Winter interest in the garden landscape that combines both visual beauty and the attraction of winged visitors is often a neglected consideration when planning garden landscapes for spring and summer enjoyment, however, if you want a Yard of Great Interest or YOGI[vii] yard, the Yaupon Holly, American Holly and Eastern Red Cedar are good candidates to add to your garden. 

Photographs clockwise: Cedar Waxwings take a drink after eating Eastern Red Cedar berries; Snow covering Yaupon Holly; Eastern Red Cedar covered in snow; Brown Thrasher foraging beneath a mature Eastern Red Cedar, and Yaupon Holly berries in the snow. (Image credit: Wendy Diaz)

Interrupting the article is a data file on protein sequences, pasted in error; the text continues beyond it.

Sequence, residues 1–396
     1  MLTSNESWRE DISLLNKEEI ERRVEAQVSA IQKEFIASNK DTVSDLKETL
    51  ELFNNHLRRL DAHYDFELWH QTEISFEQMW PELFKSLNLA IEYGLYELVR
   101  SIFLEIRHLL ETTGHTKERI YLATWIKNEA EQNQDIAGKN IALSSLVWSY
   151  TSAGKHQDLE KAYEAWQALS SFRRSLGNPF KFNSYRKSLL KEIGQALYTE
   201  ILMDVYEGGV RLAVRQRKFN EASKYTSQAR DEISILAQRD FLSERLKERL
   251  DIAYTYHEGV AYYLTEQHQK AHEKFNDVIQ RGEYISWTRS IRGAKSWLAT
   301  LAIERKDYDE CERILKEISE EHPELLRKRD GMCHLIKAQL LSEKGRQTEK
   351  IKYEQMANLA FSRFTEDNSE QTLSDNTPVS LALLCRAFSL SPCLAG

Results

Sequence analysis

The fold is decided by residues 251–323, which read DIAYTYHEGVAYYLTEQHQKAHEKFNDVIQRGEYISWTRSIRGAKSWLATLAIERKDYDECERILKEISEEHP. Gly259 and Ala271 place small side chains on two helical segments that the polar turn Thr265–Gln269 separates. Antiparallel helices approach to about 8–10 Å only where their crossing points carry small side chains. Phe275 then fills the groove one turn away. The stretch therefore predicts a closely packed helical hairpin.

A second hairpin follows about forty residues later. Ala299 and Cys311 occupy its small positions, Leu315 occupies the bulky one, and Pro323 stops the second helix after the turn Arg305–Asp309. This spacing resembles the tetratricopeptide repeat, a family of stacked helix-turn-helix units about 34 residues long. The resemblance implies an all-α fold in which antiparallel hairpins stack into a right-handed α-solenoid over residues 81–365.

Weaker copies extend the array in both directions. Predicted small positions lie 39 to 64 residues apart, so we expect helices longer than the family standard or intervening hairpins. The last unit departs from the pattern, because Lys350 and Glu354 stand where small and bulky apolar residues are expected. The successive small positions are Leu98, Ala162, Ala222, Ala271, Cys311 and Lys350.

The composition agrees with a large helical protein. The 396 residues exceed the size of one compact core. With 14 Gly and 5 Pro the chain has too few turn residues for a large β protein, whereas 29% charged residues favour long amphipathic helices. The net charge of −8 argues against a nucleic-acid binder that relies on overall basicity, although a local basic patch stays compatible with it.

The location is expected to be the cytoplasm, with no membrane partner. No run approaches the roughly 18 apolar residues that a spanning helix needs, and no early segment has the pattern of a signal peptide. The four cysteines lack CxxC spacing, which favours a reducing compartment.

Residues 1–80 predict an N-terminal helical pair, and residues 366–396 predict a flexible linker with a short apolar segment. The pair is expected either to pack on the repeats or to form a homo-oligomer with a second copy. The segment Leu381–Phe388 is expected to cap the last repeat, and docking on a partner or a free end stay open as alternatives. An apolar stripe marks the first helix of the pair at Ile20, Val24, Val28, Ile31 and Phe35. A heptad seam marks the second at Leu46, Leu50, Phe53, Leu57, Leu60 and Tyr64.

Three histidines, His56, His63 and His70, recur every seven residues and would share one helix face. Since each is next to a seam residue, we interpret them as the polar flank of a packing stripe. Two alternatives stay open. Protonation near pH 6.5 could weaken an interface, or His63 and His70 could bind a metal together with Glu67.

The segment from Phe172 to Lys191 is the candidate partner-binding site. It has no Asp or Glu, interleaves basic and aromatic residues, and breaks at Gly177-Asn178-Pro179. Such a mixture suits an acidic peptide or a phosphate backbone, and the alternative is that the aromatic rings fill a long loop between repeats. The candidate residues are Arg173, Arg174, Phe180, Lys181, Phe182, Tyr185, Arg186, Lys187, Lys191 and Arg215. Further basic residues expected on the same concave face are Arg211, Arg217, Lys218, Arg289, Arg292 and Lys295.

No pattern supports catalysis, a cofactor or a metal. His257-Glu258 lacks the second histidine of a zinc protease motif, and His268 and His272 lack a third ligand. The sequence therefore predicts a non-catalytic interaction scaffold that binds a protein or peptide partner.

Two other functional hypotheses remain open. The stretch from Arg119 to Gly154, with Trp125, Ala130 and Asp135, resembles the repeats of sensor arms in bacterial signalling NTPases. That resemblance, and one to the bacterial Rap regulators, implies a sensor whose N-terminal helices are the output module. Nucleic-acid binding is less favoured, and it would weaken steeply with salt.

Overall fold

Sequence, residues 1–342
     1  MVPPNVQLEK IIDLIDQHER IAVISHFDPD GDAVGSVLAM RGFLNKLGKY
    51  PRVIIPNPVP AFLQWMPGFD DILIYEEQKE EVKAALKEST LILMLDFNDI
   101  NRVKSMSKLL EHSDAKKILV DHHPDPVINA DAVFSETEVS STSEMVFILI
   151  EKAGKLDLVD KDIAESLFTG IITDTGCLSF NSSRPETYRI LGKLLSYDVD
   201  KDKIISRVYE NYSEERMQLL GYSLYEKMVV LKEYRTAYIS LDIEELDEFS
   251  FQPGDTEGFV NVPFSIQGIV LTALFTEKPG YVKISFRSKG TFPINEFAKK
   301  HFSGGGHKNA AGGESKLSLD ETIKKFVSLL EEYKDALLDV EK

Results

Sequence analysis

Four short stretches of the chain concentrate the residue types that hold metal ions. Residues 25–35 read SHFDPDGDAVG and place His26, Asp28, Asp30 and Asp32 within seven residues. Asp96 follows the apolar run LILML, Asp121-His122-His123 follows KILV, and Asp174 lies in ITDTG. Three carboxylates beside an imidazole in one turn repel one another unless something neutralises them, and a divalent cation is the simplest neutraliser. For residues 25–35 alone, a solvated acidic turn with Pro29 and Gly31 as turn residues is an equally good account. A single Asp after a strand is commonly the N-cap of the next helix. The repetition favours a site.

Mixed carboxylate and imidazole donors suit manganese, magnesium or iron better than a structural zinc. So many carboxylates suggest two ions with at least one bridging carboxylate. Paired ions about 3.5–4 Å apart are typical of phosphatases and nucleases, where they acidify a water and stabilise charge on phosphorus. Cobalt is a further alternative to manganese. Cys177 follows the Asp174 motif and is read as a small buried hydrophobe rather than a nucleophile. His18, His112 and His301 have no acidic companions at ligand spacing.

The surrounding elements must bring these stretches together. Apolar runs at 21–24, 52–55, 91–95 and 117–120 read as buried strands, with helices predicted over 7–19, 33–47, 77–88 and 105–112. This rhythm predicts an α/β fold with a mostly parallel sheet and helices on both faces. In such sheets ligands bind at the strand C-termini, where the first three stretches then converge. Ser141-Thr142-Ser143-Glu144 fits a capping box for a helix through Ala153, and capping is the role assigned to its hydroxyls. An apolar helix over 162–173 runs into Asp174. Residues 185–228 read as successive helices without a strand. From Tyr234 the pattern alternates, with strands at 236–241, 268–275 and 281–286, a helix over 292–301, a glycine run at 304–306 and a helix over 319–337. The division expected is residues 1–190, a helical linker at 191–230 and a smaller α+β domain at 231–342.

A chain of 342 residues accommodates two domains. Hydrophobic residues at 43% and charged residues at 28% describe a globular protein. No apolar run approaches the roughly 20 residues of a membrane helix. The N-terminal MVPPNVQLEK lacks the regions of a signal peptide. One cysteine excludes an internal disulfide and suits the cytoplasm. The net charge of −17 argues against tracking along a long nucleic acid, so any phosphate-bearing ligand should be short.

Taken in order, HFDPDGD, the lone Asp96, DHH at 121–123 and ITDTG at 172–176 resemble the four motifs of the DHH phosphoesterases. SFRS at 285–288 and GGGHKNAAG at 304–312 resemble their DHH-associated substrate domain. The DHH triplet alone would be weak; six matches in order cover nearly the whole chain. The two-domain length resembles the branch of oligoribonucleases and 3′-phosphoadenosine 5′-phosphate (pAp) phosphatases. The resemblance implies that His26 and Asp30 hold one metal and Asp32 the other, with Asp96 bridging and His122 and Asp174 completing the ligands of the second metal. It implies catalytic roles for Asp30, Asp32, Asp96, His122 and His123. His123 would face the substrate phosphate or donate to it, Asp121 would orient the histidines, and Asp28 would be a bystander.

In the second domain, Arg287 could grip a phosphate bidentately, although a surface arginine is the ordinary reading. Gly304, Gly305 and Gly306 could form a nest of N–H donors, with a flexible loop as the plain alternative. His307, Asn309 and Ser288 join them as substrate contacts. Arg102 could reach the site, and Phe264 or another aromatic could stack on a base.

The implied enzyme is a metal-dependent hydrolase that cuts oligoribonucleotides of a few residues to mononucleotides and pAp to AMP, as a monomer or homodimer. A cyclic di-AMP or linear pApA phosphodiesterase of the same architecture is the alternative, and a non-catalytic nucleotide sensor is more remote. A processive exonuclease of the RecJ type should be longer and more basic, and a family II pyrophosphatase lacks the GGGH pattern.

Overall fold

Notes

[i] https://www.audubon.org/native-plants/search?zipcode=27713&active_tab=best_results&attribute=&attribute_tier1=12911&resource=&resource_tier1=9072856,9072876&bird_type=&bird_type_tier1=12941&page=1&page_tier1=1

[ii] https://plants.ces.ncsu.edu/plants/ilex-vomitoria/

[iii] https://content.ces.ncsu.edu/extension-gardener-handbook/3-botany#section_heading_6936

[iv] https://plants.ces.ncsu.edu/plants/ilex-opaca/

[v] https://plants.ces.ncsu.edu/plants/juniperus-virginiana/

[vi] https://piedmontmastergardeners.org/article/the-pros-and-cons-of-the-eastern-redcedar/

[vii] Crossroads of the Natural World, Exploring North Carolina with Tom Earnhardt, Tom Earnhardt, University of N.C. Press: Chapel Hill( 2013), 314 pages (Page 170)